KAMPALA — After gaining independence from Britain as a protectorate, Uganda has faced prolonged periods of conflict. Fortunately, Uganda now sees gradual progress towards a sustainable nation for its people and future. With key development projects in Uganda, the country is sure to head towards stability and sustainability.
One of the development projects in Uganda is infrastructure development, which plays a crucial role in Uganda’s economic growth and prosperity. According to the International Monetary Fund (IMF), the government in Uganda is working to re-establish itself as a middle-income status country. One of the focuses for infrastructure development is building hydropower plants, safe road networks as well as the development of oil fields. Investing in oil fields alongside oil companies places Uganda in the international market.
The Ugandan Water Project aims to provide clean water and promote sanitation and hygiene resources throughout Uganda. With 74 projects in 2017, clean water and sanitation were supplied to 22,000 Ugandans. A rainwater collection system was established to provide clean water via a gutter system. So far lasting for about 30 years, the rainwater system uses Uganda’s annual rainfall to the advantage of the people; this is one of the development projects in Uganda making the best progress.
Disaster preparedness and coordination is essential in facing increasing vulnerabilities and disasters. According to the Red Cross, to combat natural disasters, a systematic disaster prevention system must be put in place as a framework for the country. Policy actions for droughts, a prolonged issue due to climate change, includes establishing efficient tools for weather predictions and alerting communities of severe weather warnings. Increasing community awareness of conserving water and working with drought-resistant crops illustrates the importance of community action.
In 2014, Uganda launched a National Emergency Coordination and Operation Centre (NECOC) to provide the early warnings and coordinate emergency relief and readiness. Countless lives will be saved with proper funding and support. Protecting and empowering communities to adapt and recover from natural disasters is a key component in maintaining disaster readiness, allowing people to take charge alongside their government.
Maternal Health Development
Like many developing countries, Uganda has seen high maternal mortality rates, a reflection of inaccessible and understaffed healthcare. World Bank illustrates the progress on maternal health, stating that about 95 percent of Ugandan women now receive antenatal care. In fact, about 57 percent are under the supervision of a professional during delivery.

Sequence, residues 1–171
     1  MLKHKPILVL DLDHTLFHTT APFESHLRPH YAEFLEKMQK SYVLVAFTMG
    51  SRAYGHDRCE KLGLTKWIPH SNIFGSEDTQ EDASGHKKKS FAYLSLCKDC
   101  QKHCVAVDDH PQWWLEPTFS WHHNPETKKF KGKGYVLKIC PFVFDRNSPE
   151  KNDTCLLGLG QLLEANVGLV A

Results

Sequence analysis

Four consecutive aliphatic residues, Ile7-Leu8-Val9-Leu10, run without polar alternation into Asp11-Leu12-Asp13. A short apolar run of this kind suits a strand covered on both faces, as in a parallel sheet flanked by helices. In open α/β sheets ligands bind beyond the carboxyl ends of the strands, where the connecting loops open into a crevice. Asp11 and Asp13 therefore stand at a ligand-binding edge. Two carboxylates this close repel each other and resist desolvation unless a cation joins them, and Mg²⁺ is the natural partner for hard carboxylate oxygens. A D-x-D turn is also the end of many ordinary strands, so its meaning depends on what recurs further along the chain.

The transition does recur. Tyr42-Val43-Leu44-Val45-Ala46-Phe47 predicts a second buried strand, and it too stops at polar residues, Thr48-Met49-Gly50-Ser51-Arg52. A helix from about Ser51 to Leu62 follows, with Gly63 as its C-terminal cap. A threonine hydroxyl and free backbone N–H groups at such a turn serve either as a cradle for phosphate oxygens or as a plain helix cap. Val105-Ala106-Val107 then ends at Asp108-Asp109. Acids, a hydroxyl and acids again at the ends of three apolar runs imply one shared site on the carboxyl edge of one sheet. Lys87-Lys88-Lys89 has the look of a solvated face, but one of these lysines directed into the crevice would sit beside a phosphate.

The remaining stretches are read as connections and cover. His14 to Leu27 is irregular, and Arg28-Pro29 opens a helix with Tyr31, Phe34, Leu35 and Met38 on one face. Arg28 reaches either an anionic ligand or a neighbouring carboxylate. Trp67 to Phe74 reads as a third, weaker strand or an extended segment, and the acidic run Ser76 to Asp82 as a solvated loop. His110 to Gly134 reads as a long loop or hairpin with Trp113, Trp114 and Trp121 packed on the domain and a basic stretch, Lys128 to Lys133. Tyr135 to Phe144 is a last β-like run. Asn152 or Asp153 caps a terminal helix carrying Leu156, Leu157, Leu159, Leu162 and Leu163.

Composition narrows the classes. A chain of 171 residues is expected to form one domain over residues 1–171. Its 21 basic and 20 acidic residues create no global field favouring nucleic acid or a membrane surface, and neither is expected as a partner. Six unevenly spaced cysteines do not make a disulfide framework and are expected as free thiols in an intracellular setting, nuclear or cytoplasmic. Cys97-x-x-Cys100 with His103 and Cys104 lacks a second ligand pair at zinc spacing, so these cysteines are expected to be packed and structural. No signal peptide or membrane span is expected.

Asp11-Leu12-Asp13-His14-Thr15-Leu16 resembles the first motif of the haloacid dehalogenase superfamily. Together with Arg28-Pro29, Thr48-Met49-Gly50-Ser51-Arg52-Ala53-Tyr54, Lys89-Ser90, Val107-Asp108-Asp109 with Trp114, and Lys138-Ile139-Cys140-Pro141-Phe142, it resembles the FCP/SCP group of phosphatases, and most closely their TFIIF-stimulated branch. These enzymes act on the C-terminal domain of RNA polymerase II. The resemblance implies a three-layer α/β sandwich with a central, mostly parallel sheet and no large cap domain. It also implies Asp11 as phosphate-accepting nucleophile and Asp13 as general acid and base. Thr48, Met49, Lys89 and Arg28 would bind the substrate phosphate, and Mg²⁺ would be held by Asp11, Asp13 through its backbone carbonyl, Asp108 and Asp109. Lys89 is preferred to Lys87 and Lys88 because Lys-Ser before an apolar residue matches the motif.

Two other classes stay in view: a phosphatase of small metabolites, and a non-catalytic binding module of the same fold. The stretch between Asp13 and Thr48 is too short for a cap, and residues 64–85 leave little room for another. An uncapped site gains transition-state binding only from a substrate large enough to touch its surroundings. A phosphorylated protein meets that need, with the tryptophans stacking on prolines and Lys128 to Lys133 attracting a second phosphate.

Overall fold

To combat complications of pregnancy and delivery, United Nations Population Fund (UNFPA) seeks to address cultural barriers and overall maternal health. Family planning for unintended pregnancies, skilled midwives and professionals available at delivery and advocating women’s rights are included in the strategy of reducing the mortality rate among women. Promoting maternal health as an important measure for both mother and child is slowly progressing as more rural women in Uganda receive proper care and understand antenatal and prenatal care.
Established in 1995, the Uganda Human Rights Commission (UHRC) aims to protect and promote the fundamental rights and freedoms of Ugandans. The UHRC serves as a critical player in building and maintaining a culture of human rights in Uganda. This development project acts as a channel between communities and government in the push for human rights and addressing human rights abuse.
The UHRC works alongside NGOs in monitoring activities and meeting the needs of Ugandans with education and community advocacy. USAID adds that Uganda is working towards a responsive and accountable government that increases citizen participation by passing laws, such as human rights, to the forefront of politics. Increasing citizen participation and communication between government ensures a group, marginalized or not, has a voice in building a democratic country. The need for inclusivity in Uganda’s approach for a civil society benefits the country in the long run — communities the work alongside their government with legitimate legal structures have more transparency and accountability.
Sanitation Development Projects
The goal of the Uganda Sanitation Fund (USF) is to use and develop sanitation and hygiene resources to reduce sanitation-related disease and death. The program intends to target 5.6 million people, ensuring people live in Open Defecation Free (ODF) environments as well as adopting hygienic practices.
The Uganda Red Cross Society established the WASH project, a program to assist Ugandans in securing proper living conditions with access to sanitation and hygiene. Displaced families and communities and people affected by violence are the recipients receiving aid from Uganda Red Cross and their WASH project. Intervention, in the form of sanitation kits, is distributed to families in teaching them how to improve their health. Promoting the programs is also aimed at rural areas, as hygiene and sanitation are often inaccessible. The WASH project will be monitored by the Uganda Red Cross to accommodate and assign proper staff, interventions and access to all Ugandans.
These five development projects in Uganda are working to improve the lives of Ugandans. The projects, while not the only ones in development, are some of the answers to bring Uganda out of conflict and poverty.
– Jennifer Serrato